Call of Duty swatting incident in Kansas leads to innocent man’s death
When will it stop?
During a week when family and friends are supposed to gather together to enjoy their for the holidays, horror hit for one innocent family in Kansas. A man opened his front door due to the sound of police activity. However, he was fatally shot in the chest and was later pronounced dead at the hospital. Why did this happen? It was due to a false hostage call by an upset online Call of Duty player. You may ask what the wager was that caused these two players to get so angry.
The bet was $1.50, and they were on the same team.
The online gaming community has seen a plethora of false police calls, or SWATTING, as a response to online trash talk. Often, authorities take these calls seriously, and arrive at the suspect’s address primed and ready to fire. Armored vehicles, police officers donned in full ballistic armor, and trained personnel are sent to these addresses, when most of the time, there are innocent families inside.
The two players involved were playing an online multiplayer wager game via UMG’s online platform when two players got into a heated argument. Both players threatened to SWAT each other when one party sent his false information as a threat. So far, “police say they received a call stating a man was killed, and his family was being held hostage” per KWCH.com. Police arrived at the scene, and that is when the 28-year-old man answered the door, and an officer fired. The information provided by the caller was fake and belonged to a house down the street from him. The man who died was wholly innocent and had no connection to the UMG wager.
Since the incident happened Thursday, both players have since been removed from UMG, and they removed themselves from Twitter. The authorities are looking into both parties. The public and the family affected has called for police body camera footage to be pulled.
I’m not sure what it is about teenagers and young adults who enjoy bringing negative emotions into people’s lives outside of a video game, but it needs to stop. It is incredibly easy to get ahold of somebody’s personal information. Having the power to gain this knowledge is dangerous.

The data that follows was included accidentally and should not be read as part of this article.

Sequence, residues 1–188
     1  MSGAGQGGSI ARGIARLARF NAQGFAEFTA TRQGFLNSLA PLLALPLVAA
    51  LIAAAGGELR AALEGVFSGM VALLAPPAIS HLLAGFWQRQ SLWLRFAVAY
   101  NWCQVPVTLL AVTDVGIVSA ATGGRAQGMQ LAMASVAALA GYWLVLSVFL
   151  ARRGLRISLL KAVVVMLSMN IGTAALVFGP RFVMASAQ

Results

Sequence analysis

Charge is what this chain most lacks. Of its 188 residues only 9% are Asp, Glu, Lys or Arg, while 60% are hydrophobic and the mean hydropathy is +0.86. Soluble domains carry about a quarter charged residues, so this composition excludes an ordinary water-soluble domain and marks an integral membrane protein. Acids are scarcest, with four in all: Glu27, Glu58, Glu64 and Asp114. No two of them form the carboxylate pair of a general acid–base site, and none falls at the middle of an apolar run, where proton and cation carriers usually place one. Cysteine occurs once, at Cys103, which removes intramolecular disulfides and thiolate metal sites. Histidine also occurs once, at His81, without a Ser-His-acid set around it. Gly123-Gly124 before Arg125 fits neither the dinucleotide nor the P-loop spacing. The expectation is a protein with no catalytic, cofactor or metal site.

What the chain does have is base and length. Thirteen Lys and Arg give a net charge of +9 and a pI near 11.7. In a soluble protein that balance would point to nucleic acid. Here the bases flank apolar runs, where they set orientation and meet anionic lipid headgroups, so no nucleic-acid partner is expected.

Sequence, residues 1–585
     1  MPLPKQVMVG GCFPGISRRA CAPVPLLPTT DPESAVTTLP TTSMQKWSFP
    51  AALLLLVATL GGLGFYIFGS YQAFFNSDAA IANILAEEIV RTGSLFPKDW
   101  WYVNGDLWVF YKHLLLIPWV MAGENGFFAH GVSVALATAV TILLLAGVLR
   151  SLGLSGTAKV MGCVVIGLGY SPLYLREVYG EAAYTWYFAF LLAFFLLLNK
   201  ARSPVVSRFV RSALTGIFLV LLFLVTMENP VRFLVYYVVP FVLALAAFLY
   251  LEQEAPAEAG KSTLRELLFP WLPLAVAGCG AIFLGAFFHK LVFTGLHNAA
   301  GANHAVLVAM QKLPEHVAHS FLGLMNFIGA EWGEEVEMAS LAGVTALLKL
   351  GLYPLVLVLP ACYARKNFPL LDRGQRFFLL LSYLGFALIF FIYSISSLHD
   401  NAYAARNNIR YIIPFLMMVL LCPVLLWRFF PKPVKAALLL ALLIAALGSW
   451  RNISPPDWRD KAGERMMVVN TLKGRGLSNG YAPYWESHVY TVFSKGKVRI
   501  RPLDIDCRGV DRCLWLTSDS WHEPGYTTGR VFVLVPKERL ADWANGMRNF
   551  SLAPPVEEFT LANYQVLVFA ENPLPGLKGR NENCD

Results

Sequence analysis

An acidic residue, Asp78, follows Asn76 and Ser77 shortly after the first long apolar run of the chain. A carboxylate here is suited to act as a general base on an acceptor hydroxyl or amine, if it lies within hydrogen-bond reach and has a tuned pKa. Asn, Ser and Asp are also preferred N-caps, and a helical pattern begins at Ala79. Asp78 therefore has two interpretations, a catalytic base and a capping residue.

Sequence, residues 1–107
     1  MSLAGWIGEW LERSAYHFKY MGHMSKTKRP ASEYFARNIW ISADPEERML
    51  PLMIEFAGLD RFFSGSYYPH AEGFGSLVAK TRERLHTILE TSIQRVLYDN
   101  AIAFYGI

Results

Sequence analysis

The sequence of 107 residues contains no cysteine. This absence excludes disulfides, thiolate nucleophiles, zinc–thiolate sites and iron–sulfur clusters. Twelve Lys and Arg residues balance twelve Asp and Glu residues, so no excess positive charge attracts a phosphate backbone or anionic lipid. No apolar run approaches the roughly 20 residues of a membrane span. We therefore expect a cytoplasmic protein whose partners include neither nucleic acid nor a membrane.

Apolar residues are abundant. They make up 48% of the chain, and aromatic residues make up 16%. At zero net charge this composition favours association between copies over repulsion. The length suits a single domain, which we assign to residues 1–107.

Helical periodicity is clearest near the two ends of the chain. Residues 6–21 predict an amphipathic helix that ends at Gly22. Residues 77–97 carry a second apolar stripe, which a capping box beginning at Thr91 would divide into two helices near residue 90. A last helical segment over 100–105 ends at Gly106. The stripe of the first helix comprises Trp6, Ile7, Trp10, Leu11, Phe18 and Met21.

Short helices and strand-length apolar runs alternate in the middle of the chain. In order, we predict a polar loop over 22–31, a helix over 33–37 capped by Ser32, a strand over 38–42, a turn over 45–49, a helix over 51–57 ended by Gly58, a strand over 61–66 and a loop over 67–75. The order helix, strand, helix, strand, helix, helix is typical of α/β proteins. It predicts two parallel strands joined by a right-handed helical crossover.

From my research, it looks like one person is behind most of the recent SWATTING incidents in the Call of Duty competitive world. At the beginning of December, the CoD community openly welcomed competitive play back at CWL Dallas. The event walk plagued by false bomb threats that lead to evacuations at the venue. So far, a Twitter user by the name of “Infamy Runs XbL” has been placing many dox, SWAT, evacuation threats to pro players. Most notably, is FaZe clan’s ZooMaa, who posted screenshots of Infamy throwing around threats like dollars at a strip club. The man claiming responsibility often changes his Twitter to try and stay hidden. His actions are making the name change irrelevant.
This kid needs to stop. I am going to call him a kid because his actions are only leading me to come to this conclusion. Almost every message he sends off includes a plead for a DM or direct message. All of these threats and actions are for attention. This kid wants attention from pro players in a community he so desperately wants to be included into. Threats aren’t the way to do it. If he is looking to hurt people purposely, he didn’t even think to make sure the address was correct. He isn’t thinking clearly and will make a misstep. If the police don’t catch him, the internet will.
This past summer, there was a charity held by OpTic Gaming’s Hitch and Call of Duty announcer CouRage to support breast cancer awareness. Players were often kicked offline and were forced to either cancel the event or move to another game. Pro players on Steam offered to give the hackers a call, a DM, or anything they wanted just to participate in the event. Apparently, this isn’t enough, and people want more.
I’m not sure what else this person wants. There is already an innocent man dead. If this hacker keeps going, the police will catch him, or worse. A video game isn’t worth people’s lives.